*Home  
    *The Downey Profile  
    *Kentucky Derby Horses  
    *Preakness Stakes Horses  
    *Daily Preakness Update  
    *Race Video  
    *Looking Good  
    *Worth Watching  
    *Just In Case  
    *Dick's Picks History  
    *The Commish History  
    *Workouts  
    *Derby Future Wager  
    *Derby Road / Points  
    *Triple Crown Nominations  
    *Racing News / Search  
    *Miscellaneous Derby  
    *Derby 145 Recap  
    *Preakness 144 Recap  
    *Belmont 150 Recap  
    *Forward to A Friend  
    *Privacy Policy/Cookie Policy/Terms of Service - Updated 5/25/18  


Kentucky Derby and Horse Racing at The Downey Profile®

Bond Holder Takes Turn for Worse with Laminitis; Outlook Guarded

3/19/2014

By Dick Downey
@DowneyProfil
e

According to a report at Bloodhorse.com, Bond Holder is suffering from laminitis and being treated at Equine Medical Center of Ocala.

Trainer Doug O'Neill told the publication that he's "guardedly optimistic" about Bond Holder's prognosis.  Bond Holder, wbo's been at the clinic since before March 7, is being treated by Dr. John G. Peloso according to the report.

Bond Holder had been pointed to the Feb. 22 Risen Star Stakes at Fair Grounds but was declared out of the race by Feb. 19 after having difficulties during the flight from Southern California. Initially it was reported he sustained a cut. The colt was dropped off in Florida by a plane en route back to California after he was not handling another flight well.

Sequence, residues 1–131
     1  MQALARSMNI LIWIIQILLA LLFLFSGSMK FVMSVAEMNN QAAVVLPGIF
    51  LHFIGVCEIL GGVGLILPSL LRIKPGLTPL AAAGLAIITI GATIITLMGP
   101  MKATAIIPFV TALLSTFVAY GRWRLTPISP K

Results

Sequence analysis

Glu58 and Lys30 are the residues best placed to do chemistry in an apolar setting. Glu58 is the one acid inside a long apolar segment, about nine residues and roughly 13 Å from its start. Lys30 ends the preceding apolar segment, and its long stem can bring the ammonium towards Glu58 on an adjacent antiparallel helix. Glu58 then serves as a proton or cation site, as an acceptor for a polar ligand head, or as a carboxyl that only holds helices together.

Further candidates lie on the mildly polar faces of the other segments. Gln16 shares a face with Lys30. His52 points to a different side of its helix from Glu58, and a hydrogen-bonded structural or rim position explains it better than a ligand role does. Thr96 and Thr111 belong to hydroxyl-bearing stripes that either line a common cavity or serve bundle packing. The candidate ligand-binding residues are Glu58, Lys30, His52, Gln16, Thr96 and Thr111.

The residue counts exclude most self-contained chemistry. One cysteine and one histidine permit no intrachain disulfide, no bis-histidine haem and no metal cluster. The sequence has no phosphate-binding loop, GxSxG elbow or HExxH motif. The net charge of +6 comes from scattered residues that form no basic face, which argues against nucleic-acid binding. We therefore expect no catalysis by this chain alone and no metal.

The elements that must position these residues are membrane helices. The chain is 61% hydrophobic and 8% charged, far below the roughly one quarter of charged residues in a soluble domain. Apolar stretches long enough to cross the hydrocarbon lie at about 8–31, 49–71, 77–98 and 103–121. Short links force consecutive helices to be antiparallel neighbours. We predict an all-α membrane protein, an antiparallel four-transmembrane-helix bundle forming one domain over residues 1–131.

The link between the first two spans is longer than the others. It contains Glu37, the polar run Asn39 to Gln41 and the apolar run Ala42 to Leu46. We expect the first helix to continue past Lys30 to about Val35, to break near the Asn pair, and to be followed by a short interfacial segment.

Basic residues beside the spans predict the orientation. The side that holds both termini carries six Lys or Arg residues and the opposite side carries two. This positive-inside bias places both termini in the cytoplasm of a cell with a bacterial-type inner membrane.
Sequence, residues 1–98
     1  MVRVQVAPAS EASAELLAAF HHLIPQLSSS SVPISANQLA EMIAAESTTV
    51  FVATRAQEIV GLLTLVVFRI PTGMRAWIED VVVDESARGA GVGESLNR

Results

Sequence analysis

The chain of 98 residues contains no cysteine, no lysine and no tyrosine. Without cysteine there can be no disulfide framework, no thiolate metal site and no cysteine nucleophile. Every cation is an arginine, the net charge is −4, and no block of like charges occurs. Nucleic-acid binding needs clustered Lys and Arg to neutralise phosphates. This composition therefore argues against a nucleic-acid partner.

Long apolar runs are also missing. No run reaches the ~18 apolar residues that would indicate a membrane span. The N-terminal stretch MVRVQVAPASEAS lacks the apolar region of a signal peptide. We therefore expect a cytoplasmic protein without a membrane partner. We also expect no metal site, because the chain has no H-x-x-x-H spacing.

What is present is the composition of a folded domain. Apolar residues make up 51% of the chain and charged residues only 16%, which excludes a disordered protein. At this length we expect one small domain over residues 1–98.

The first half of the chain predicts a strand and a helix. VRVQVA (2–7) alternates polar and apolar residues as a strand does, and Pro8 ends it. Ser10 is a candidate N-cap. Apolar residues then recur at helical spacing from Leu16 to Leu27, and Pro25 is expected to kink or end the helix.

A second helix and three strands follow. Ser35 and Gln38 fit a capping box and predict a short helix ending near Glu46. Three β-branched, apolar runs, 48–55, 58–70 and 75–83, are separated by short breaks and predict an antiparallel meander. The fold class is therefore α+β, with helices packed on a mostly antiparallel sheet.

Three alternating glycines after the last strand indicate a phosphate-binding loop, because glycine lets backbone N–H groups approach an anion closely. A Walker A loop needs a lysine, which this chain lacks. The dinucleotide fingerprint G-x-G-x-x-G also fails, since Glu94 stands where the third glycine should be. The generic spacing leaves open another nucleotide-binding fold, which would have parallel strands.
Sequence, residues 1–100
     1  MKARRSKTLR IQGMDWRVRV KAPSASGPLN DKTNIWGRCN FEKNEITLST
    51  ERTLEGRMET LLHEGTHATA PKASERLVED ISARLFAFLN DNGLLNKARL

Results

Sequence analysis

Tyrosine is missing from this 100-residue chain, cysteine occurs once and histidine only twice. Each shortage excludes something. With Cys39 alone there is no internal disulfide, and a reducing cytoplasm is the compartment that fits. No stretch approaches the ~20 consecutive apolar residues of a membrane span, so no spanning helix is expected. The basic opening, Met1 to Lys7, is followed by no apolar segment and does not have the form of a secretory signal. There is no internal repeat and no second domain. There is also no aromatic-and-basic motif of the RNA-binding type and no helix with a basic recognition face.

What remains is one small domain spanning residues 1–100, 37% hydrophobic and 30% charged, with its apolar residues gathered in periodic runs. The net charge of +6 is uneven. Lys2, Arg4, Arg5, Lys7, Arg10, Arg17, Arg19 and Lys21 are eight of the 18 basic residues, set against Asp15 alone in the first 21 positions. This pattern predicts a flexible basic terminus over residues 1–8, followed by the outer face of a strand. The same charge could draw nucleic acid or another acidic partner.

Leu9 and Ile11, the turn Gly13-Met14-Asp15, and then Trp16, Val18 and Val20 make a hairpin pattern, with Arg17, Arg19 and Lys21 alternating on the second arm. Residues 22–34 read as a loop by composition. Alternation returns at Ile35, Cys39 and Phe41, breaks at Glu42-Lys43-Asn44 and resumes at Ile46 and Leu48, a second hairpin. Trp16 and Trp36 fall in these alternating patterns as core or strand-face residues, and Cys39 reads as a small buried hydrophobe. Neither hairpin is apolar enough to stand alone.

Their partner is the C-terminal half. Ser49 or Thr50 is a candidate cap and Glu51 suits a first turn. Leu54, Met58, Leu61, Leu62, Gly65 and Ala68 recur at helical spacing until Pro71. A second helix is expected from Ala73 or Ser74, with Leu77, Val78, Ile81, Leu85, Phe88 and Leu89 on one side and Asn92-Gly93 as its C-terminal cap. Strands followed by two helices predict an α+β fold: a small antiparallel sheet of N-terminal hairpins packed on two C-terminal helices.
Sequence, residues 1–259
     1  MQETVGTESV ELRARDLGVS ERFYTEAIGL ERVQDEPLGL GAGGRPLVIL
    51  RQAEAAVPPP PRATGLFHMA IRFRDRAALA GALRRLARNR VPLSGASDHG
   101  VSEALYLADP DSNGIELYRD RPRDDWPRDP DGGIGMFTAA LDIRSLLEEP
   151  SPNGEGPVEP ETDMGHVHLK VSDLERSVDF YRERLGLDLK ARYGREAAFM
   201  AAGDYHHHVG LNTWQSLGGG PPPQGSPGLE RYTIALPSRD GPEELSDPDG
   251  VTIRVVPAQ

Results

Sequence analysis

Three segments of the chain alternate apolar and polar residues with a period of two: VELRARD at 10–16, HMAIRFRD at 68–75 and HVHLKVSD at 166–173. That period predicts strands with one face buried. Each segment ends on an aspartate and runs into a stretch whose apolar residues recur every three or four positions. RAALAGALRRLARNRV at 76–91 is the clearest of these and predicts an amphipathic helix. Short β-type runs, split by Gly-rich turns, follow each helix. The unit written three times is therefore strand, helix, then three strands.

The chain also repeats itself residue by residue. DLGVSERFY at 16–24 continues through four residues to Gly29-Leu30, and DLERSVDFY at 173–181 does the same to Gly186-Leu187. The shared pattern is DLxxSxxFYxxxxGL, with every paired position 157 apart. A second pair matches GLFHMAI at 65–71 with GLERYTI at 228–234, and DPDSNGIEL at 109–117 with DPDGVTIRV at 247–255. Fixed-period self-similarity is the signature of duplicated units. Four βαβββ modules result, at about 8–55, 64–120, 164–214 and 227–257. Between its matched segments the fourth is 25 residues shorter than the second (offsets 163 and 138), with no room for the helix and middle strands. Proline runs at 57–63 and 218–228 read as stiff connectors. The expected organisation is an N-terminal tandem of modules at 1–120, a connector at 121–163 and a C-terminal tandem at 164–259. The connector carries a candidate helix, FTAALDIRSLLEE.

Connections had him taken to Tampa Bay Downs and talked about running him in the March 8 Tampa Bay Derby, but that plan was soon abandoned, and Bond Holder was said to have developed a foot abscess.

On March 7, O'Neill was reported as saying, "The effects from that initial plane ride are still lingering and we think it is in his best interests to be in a clinic-like setting to be closely monitored. He didn't need to go and he has been receiving excellent care with the vets and farrier that come to see him daily, but we want the best for him and think this is the next logical step in his becoming 100%."

The issue was "just a little more than we initially thought," O'Neill added, and he called the reason for sending the colt to the clinic "nothing major."

Laminitis can occur in varying degrees, but, according to the report at Bloodhorse.com, "the essential definition of the disease is an inflammation of the sensitive laminae of a horse's foot. Both front and hind feet can be affected, though the disease is most common in the front hooves."

 

© 2003-2019 Dick Downey dba The Downey Profile

The Downey Profile® was awarded a Service Mark by the United States Patent and Trademark Office in 2008. Renewed 2018.

©